Much like his fact-averse boss, since taking office, U.S. Commerce Secretary Wilbur Ross has often wildly missed the mark with his erroneous assertions about the basic dynamics of the economy and international trade, but he was indisputably correct when he recently stated that for Mexico and Canada, terminating NAFTA “would be far more damaging to them than to us.”
During a high-level business conference last week hosted by The Wall Street Journal, Ross suggested the Trump administration has the economic leverage to pressure Mexico and Canada into making major concessions on a range of contentious hot-button issues in the increasingly troubled negotiations because they have far more to lose if the pact collapses.
If the U.S. pulled out of NAFTA, it “would be devastating to the Mexican economy,” Ross said in reference to the extraordinary dependence of that country’s exports on the U.S. market, which currently accounts for roughly 80% of Mexico’s outbound trade. This situation also applies to Canada, although to a somewhat lesser extent, with 65% of its exports destined for the U.S. The likely result of this lopsided orientation, Ross said, was that the two countries will “come to their senses and make a sensible deal.”
Regarding the economic impact terminating NAFTA would have on Canada, a new report from BMO Capital Markets titled The Day After NAFTA, found that the country would see a net reduction of between 0.7% and 1% over a five-year period in real GDP, than otherwise would be the case. Consumer prices in Canada would be expected to rise roughly 0.8% points, due to the weaker exchange rate and modestly higher tariffs.
Meanwhile, the macroeconomic impact in the United States would be considerably more modest, the report finds, estimating it to be in the vicinity of a 0.2% net reduction in real GDP over the next five years. “The U.S. is better positioned than Canada or Mexico,” noted Doug Porter, Chief Economist, BMO Financial Group.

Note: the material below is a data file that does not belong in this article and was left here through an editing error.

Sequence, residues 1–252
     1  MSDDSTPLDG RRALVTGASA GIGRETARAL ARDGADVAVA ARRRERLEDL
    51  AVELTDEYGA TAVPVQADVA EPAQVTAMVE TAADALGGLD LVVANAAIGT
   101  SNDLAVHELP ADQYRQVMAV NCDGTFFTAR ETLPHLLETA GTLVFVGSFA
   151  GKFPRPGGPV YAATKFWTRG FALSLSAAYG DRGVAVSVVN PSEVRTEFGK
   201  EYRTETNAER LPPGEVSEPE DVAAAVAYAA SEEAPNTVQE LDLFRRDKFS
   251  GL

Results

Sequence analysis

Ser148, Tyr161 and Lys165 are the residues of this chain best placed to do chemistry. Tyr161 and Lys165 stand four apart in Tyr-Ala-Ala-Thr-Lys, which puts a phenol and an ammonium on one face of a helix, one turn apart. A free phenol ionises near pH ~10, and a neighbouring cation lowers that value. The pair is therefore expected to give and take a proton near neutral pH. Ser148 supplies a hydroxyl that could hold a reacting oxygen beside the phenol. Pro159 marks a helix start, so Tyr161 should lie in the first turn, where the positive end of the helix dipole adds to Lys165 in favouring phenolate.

Despite the fact that North America’s economies would ultimately adjust and adapt to a world without NAFTA, the report also concludes that the agreement has been a net positive for all three economies. “It is deeply unfortunate that we are even considering this possibility,” said Porter.
Many U.S. business leaders have expressed concern about the impact a collapse of NAFTA would have on their operations – trade groups that Ross wearily complained were needlessly complicating the talks by “screaming and yelling” in public – and take issue with the administration’s claim of having significant leverage over Mexico and Canada. They observe that those countries are not only the leading export markets for the United States, but in recent months have been stepping up their efforts to seek new trade opportunities with other nations such as China in ways that could soften the blow from diminished free tariff access to the U.S. market.
Michael Froman, U.S. Trade Representative under the Obama administration, also questioned Ross’s confidence in the economic clout America wielded. “While it’s true that Mexico and Canada are more dependent on us than we are on them, it turns out they have trade politics too,” said Froman, who was in attendance at last week’s business event. “And there are limits to the degree to which you can push them and still reach an agreement,” he added.